least common. Leave circulation and migrate through tissues, play a role in both inflammatory response and allergic reactions.Produce histamine (increase inflammation) and heparin (inhibits blood clotting). Account for less than 1% of the WBC.
produced in red bone marrow but then migrate to lymphatic tissues and proliferate(grow and divid). Responsible for antibody production.(B-cells destroy bacteria, T-cells fight against viruses). Studied extensively with the immune system. Account for 20-25% of the WBC.
remain in circulation for 3 days,leave circulation and become macrophages. Phagocytic cells. Account for 3-8% of the WBC.
- • Stages
- – Activation of prothrombinase(on the surface of platelets)
- – Conversion of prothrombin to thrombin
- – Conversion of fibrinogen to fibrin (forms the fibrous network of the clot)
- • Coagulation factors.
- – Proteins found in plasma.
- – Circulate in inactive state until tissues are injured.
- – Damaged tissues and platelets produce chemicals that begin activation of the factors.
- • Result: blood clot. A network of thread like fibrin fibers, trapped blood cells, platelets and fluid
Type A blood has anti-B antibodies; Type B blood has anti-A antibodies
Suggested that these antibodies are present because of exposure to A and B antigens on bacteria and food
Donor: gives blood. Recipient: receives blood
Type O as “universal donor”. Can actually cause transfusion reactions because of antibodies in O blood plasma
- – Rh positive: Have these antigens present on surface of RBCs
- – Rh negative: Do not have these antigens present
Functions of the Respiratory System 5
- Gas exchange
- regulation Blood pH
- Voice production
Upper tract vs Lower tract
- Upper tract: nose,pharynx and associated structures
- Lower tract: larynx,trachea, bronchi,lungs and the tubing within the lungs
Functions of Nasal Cavity
- Passageway for air
- Cleans air
- Humidifies, warms air
- Along with paranasal sinuses are resonating chambers for speech
pseudostratified ciliated columnar epithelium. Mucous and debris is swallowed. Openings of Eustachian (auditory) tubes. Floor is soft palate, uvula is posterior extension of the soft palate.
shared with digestive system. Lined with moist stratified squamous epithelium.
epiglottis to esophagus. Posterior to larynx. Lined with moist stratified squamous epithelium.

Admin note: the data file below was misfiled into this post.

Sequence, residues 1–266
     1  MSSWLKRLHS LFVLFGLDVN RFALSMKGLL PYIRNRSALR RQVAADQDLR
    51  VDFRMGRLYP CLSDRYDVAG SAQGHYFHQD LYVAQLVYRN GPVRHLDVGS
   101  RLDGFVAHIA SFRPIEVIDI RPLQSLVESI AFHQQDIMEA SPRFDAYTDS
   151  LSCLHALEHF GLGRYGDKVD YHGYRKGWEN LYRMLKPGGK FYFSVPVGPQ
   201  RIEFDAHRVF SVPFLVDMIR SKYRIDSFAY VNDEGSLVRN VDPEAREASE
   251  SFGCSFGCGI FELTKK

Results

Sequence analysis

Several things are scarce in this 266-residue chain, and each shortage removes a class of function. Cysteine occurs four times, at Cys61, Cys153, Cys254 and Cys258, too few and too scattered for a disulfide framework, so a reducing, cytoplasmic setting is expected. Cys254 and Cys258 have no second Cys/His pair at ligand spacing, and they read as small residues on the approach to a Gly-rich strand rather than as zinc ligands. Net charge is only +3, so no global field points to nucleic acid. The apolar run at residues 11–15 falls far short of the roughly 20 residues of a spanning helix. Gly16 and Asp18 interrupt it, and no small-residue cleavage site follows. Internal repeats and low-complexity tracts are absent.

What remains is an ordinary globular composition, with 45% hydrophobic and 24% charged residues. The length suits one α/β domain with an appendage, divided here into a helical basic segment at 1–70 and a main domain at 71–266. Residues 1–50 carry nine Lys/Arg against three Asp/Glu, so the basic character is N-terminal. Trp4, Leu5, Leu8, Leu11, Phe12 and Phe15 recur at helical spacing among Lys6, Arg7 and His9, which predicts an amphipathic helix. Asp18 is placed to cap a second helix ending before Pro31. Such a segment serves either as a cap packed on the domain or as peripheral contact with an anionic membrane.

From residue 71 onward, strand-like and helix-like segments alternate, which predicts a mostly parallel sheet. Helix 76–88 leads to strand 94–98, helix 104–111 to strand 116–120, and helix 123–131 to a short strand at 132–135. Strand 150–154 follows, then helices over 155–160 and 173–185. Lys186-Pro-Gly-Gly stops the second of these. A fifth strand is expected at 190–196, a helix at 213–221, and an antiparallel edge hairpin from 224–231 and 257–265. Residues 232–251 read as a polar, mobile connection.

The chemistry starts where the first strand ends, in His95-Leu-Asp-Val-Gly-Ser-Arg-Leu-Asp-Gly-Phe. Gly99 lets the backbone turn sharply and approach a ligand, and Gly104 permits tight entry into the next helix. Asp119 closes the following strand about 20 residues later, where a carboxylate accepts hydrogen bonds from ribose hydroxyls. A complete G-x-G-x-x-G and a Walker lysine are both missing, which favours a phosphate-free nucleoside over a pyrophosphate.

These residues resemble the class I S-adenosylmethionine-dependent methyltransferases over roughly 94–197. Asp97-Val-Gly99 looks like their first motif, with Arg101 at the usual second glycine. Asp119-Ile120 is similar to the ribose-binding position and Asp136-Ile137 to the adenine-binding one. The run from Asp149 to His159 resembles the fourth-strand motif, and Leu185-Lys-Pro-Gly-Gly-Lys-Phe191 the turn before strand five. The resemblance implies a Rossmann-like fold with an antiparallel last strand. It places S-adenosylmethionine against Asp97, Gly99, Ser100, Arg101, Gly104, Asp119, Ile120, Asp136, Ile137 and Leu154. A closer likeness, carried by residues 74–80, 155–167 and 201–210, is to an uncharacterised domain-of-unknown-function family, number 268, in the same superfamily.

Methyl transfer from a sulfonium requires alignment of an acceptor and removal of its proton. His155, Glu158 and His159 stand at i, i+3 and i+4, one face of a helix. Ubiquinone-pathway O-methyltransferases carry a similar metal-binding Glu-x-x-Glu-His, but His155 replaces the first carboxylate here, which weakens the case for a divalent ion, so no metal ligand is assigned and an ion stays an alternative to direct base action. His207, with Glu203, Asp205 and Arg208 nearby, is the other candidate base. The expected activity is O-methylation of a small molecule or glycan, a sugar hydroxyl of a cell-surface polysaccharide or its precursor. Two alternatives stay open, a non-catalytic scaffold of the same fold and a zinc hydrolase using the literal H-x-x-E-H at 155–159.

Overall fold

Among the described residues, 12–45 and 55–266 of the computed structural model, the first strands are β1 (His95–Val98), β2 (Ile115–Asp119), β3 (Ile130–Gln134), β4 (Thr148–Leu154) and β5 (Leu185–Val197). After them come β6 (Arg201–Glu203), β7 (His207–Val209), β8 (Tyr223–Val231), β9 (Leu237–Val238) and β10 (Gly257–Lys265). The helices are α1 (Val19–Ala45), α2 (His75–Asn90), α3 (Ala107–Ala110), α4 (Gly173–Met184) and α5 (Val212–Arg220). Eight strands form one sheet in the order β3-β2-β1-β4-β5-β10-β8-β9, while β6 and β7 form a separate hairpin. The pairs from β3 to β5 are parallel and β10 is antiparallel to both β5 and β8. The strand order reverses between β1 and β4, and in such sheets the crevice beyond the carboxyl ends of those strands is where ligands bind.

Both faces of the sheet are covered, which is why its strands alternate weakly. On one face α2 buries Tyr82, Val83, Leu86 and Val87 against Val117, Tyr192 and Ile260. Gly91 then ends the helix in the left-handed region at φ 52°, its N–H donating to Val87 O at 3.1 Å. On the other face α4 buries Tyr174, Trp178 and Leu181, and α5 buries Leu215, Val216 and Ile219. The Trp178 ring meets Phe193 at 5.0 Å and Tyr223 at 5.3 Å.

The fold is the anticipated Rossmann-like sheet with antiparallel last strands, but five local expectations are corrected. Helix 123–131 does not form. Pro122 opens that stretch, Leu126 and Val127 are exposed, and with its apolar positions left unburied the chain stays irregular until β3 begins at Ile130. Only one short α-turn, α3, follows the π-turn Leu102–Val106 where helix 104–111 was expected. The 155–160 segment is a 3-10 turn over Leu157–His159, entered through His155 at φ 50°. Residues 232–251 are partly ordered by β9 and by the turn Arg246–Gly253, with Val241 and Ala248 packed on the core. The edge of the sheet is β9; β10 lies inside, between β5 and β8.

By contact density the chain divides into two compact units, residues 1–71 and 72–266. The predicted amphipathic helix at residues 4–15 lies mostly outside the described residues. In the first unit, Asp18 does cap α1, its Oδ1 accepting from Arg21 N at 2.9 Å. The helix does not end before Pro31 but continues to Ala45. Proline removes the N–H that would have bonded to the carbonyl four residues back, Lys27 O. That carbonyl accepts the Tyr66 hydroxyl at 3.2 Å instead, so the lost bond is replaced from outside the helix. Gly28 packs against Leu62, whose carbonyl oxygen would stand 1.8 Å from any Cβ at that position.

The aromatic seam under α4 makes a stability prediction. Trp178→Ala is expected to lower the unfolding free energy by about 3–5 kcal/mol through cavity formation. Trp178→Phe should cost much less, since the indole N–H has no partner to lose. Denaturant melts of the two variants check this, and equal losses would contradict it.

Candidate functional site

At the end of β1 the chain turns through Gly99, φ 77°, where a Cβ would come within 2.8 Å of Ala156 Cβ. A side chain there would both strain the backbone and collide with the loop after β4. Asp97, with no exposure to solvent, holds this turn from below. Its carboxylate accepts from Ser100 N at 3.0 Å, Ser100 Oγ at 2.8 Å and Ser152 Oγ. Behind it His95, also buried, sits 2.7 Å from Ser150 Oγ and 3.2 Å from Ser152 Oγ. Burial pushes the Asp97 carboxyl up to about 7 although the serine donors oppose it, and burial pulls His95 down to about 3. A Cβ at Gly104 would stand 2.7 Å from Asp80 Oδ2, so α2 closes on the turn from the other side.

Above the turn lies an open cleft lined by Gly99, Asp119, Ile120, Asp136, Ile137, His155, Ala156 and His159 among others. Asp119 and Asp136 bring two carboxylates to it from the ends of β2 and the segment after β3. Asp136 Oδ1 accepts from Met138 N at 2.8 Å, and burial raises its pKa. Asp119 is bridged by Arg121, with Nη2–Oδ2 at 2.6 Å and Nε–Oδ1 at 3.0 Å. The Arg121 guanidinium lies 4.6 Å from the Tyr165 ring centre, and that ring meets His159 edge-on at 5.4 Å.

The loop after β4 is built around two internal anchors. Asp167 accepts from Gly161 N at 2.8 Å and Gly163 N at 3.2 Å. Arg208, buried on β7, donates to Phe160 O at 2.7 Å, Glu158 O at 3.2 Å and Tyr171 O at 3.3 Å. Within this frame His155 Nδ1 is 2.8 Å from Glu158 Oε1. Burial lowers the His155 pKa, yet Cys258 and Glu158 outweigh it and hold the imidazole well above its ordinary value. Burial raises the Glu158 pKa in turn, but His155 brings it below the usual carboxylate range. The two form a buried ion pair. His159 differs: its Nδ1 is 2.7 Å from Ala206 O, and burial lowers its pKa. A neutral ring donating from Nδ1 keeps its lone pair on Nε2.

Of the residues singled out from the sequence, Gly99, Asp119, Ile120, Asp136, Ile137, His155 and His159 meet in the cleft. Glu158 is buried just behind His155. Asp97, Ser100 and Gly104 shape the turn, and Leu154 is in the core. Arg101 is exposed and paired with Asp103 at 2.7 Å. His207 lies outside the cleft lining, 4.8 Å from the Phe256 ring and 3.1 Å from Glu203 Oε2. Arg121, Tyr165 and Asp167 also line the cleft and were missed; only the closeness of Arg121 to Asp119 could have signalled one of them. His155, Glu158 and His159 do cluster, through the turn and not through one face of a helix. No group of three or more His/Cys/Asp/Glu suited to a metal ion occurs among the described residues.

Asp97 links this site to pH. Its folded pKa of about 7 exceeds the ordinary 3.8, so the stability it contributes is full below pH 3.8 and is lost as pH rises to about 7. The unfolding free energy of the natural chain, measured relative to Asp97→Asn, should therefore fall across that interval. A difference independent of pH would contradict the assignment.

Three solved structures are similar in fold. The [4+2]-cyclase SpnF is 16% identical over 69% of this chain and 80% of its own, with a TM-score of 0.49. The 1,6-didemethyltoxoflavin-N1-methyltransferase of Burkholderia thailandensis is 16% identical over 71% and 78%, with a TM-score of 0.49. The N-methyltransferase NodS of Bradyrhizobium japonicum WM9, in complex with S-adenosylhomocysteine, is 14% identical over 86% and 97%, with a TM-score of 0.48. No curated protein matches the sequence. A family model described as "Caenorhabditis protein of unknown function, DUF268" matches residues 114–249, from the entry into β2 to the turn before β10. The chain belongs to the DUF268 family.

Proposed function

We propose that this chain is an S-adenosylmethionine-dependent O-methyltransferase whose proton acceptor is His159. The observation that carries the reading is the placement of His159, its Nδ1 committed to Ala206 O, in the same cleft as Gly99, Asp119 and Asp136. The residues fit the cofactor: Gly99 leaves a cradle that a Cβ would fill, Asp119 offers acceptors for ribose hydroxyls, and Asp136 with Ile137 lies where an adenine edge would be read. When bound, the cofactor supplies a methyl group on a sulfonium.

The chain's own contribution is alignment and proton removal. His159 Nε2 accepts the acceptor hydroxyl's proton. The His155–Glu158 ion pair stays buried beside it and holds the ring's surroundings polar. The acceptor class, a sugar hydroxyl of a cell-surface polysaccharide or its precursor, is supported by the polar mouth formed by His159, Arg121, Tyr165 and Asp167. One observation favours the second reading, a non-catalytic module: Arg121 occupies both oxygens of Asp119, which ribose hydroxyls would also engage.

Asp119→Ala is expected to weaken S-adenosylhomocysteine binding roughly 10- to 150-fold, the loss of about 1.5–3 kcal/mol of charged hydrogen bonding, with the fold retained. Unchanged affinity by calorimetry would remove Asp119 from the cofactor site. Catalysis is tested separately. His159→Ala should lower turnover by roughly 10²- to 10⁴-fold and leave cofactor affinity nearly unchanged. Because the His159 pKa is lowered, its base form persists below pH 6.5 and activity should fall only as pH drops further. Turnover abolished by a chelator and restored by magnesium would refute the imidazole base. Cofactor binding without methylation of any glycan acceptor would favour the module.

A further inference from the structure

pseudostratified ciliated columnar epithelium. and transitional epithelium
function and location
- secrete mucus, move mucus from passages
- lining of the nasal cavity, nasal sinuses, auditory tubes, pharynx, trachea, bronchi of the lungs
moist stratified squamous epithelium
- protection against abrasion, reduction of water loss from body
- nonkeratinized- mouth, throat, larynx esophagus, anus, vagina, inferior urethra, cornea.
opening to trachea
Larynx; Largest of the cartilages (3)
- Thyroid: largest, Adam’s apple
- Cricoid: most inferior, base of larynx
- Epiglottis: attached to thyroid and has a flap near base of tongue.
Larynx: Ligaments extend from arytenoids to thyroid cartilage
Vestibular folds or false vocal folds– True vocal cords or vocal folds: sound production. Opening between is glottis
Respiratory Bronchioles to Alveoli
- Respiratory zone: site for gas
- – Respiratory bronchioles branch
- from terminal bronchioles.
- Respiratory bronchioles have
- very few alveoli. Give rise to
- alveolar ducts which have more
- alveoli. Alveolar ducts end as
- alveolar sacs that have 2 or 3
- alveoli at their terminus.
- – No cilia, but debris removed by
- – Base sits on diaphragm, apex at the top, hilus on medial surface where bronchi and blood vessels enter the lung. All the structures in hilus called root of the lung.
- – Right lung: three lobes. Lobes separated by fissures
- – Left lung: Two lobes
Muscles of Respiration
- Inspiration: sternocleidomastoid, Scalenes, pectoralis minor, external intercostals, diaphagm
- expiration: internal intercostals, abdominal muscles
surrounds each lung and is formed by the pleural membranes.Filled with pleural fluid.
adherent to lung.
adherent to internal thoracic wall.